The reality is that the more challenging 9-1 GCSE in MFL requires prior knowledge from Key Stages 2 and 3. If our pupils have not had the prior knowledge at Key Stage 2 that is required at the Secondary School, they are therefore at a major disadvantage. How are we expected to get them to the required point by the exam board?

All of our language teachers work incredibly hard at Primary and Secondary school , the buck does not lie with them. Teachers are constantly crying out for more information, for more guidance, for more a chance to get the pupils to where they are expected to be. Instead, we feel like we are constantly set up for a fall. How do get our pupils to a certain point when we are all doing something different and there is no longer a consistent measure for their levels? How can we provide accurate information inter-school and for national statistics when we are all creating our own syllabus and criteria? How are we meant to stay in this job for all of our careers when every day we are tearing our hair out because we can see just how detrimental this is to our pupils, our children?

Changes are constantly made and we are expected to keep up. Worst of all, our pupils are expected to adapt time after time, never given the chance to truly get used to one way of assessment, one set syllabus, one simple set of rules.

 The Benefits of Primary Languages:

By teaching languages in Primary Schools, effectively and as early as possible we are:

  • Developing the right attitude and frame of mind for languages as part of our children’s futures.
  • Awakening children’s interests when they are open, uninhibited and receptive.
  • Providing pupils with cognitive advantages – enhanced problem solving, attention control, the ability to switch tasks, helps with Literacy.
  • Pupils find it fun – they enjoy discovering new worlds and new ways of saying things.
  • They have a deep, natural enthusiasm that decreases as they get older.
  • Even one hour per week has the potential to awaken a lifelong interest in foreign languages. It must be welcomed and embraced in a country where foreign language learning is undervalued and in crisis.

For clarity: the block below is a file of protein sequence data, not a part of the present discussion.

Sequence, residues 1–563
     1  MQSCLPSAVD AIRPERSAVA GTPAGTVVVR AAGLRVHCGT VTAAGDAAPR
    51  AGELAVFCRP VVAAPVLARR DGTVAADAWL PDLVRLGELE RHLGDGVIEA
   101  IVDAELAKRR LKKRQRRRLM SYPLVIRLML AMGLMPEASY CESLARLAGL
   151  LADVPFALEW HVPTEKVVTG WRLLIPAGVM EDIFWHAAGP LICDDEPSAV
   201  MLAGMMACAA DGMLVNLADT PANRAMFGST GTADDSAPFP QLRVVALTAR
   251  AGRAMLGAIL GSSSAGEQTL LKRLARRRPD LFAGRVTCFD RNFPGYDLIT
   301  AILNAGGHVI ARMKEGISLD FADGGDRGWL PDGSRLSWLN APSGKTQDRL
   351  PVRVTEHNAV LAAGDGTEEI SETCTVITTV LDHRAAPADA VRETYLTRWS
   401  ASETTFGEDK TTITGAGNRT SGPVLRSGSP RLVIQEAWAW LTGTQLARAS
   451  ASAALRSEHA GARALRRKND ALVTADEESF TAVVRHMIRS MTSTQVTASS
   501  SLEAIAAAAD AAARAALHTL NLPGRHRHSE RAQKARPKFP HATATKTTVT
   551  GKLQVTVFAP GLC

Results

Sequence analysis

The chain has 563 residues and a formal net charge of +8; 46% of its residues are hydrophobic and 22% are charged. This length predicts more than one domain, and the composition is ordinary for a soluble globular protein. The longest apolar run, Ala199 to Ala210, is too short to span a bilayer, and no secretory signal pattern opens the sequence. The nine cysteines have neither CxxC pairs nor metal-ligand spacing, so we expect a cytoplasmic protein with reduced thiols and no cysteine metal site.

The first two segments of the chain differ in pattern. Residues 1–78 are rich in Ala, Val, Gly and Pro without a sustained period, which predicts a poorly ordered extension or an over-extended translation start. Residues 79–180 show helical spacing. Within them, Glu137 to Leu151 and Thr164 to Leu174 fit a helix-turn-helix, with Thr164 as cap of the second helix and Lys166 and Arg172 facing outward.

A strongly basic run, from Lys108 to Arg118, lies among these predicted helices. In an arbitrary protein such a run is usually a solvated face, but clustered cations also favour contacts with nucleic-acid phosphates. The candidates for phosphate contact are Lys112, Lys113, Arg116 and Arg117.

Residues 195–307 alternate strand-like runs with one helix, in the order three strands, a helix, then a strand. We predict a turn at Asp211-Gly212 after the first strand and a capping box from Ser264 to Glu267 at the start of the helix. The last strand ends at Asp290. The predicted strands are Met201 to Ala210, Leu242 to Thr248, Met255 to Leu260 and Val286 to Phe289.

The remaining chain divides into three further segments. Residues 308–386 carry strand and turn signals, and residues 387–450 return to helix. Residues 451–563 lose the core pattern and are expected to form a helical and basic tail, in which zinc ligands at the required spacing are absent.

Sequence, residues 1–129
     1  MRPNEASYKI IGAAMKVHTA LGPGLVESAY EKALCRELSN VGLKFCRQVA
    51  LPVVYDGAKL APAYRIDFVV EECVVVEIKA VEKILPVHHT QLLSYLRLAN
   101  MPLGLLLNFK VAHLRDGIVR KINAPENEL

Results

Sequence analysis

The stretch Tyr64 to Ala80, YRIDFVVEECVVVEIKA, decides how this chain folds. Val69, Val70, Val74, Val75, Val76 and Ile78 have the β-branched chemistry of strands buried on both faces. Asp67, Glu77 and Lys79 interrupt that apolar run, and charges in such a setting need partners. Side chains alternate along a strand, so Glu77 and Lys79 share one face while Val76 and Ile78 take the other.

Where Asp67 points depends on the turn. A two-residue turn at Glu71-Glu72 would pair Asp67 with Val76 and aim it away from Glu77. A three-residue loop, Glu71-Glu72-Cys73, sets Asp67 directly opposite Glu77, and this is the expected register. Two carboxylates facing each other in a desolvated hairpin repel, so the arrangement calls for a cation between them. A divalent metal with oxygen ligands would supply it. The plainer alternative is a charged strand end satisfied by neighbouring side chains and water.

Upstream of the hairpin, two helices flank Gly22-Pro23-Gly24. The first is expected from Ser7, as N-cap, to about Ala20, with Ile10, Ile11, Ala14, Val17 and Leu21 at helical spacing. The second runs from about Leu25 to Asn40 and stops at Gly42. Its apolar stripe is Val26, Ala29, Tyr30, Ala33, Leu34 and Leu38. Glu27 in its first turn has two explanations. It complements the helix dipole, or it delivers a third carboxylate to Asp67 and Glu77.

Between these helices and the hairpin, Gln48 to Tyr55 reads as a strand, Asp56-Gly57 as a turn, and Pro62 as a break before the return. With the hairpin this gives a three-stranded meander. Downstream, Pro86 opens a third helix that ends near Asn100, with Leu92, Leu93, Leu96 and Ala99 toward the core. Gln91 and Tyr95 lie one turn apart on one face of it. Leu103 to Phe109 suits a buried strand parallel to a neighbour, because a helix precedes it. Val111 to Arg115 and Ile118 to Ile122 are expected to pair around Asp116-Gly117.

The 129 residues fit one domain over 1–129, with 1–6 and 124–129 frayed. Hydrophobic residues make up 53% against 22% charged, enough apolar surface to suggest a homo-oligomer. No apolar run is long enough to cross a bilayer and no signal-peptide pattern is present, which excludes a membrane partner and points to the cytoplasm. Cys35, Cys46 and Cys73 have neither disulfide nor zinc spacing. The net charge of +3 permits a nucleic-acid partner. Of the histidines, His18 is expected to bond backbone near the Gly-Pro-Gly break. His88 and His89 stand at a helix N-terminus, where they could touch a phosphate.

What we want for languages in our Primary Schools:

  • Consistency across the board, across the nation – someone allocated to co-ordinate between Primary and Secondary Schools. We need to take the pressure away from our teachers and ensure that they can solely concentrate on the actual teaching, the reason why we went into this job in the first place.
  • A measure for our pupils’ abilities – we need effective communication between year groups, between schools, a measure for parents as well as teachers that means something to everyone.
  • We need provisions to begin languages earlier, just as our European counterparts do, who also offer much more than one hour of foreign language teaching per week. Beginning language learning in Key Stage 1 will give an early introduction and foundation for the curriculum at Key Stage 2.
  • We need more structure in the language teaching at Key Stage 2. We need this to be more consistent between schools, more regular, more valuable that just going from point A to point B.
  • Language teaching must be nurtured. This can no longer be seen as a phase, as a box-ticking exercise. This needs to be conveyed as a way of life and actively encouraged by all.
  • An impossibility but a necessity is that we need more funding. Specialist teachers are more successful at the delivery of language lessons as opposed to those with little or no training in foreign language pedagogy. As we know, currently funding is in dire straits, where schools are increasingly employing non-qualified teachers. As parents and masters of our craft, how are we accepting this?

All of the flaws in this policy are no doubt complimentary to our teachers. We are clearly viewed as supermen and women. We are clearly viewed as miracle workers and we are clearly viewed as work horses. All of these things we strive to be every day but let’s not forget, we are still human and most of us do not have super powers. We have resilience and tenacity, this is a remit of the job, but we need help. We need help to do what we do best – to teach effectively.

At the heart of this, for me, is that with these fairly recent changes, it is not just languages that is in crisis, but all subjects. However, as an MFL Teacher and enthusiast, languages have to become a priority for all and change has to come from the very top, with the best interests of our children in mind, nothing else.

Will this happen? Probably not but we can only hope, but in order to hope, we need to speak up and we need to keep trying to make our very silent voices heard.